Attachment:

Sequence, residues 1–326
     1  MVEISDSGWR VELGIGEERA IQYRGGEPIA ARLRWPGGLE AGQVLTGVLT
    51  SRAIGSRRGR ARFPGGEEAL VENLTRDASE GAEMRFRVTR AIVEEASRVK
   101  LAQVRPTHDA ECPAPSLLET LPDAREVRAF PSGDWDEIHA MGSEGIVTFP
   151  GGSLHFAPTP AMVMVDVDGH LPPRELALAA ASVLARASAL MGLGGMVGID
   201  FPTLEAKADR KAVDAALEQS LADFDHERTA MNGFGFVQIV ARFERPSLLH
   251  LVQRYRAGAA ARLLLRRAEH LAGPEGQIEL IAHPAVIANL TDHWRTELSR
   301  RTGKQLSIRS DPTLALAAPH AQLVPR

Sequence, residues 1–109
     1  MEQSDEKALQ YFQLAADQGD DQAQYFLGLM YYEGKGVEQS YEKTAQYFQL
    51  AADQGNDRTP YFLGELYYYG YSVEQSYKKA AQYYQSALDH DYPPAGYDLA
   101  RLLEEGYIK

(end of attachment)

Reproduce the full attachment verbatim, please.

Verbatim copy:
Sequence, residues 1–326
     1  MVEISDSGWR VELGIGEERA IQYRGGEPIA ARLRWPGGLE AGQVLTGVLT
    51  SRAIGSRRGR ARFPGGEEAL VENLTRDASE GAEMRFRVTR AIVEEASRVK
   101  LAQVRPTHDA ECPAPSLLET LPDAREVRAF PSGDWDEIHA MGSEGIVTFP
   151  GGSLHFAPTP AMVMVDVDGH LPPRELALAA ASVLARASAL MGLGGMVGID
   201  FPTLEAKADR KAVDAALEQS LADFDHERTA MNGFGFVQIV ARFERPSLLH
   251  LVQRYRAGAA ARLLLRRAEH LAGPEGQIEL IAHPAVIANL TDHWRTELSR
   301  RTGKQLSIRS DPTLALAAPH AQLVPR

Sequence, residues 1–109
     1  MEQSDEKALQ YFQLAADQGD DQAQYFLGLM YYEGKGVEQS YEKTAQYFQL
    51  AADQGNDRTP YFLGELYYYG YSVEQSYKKA AQYYQSALDH DYPPAGYDLA
   101  RLLEEGYIK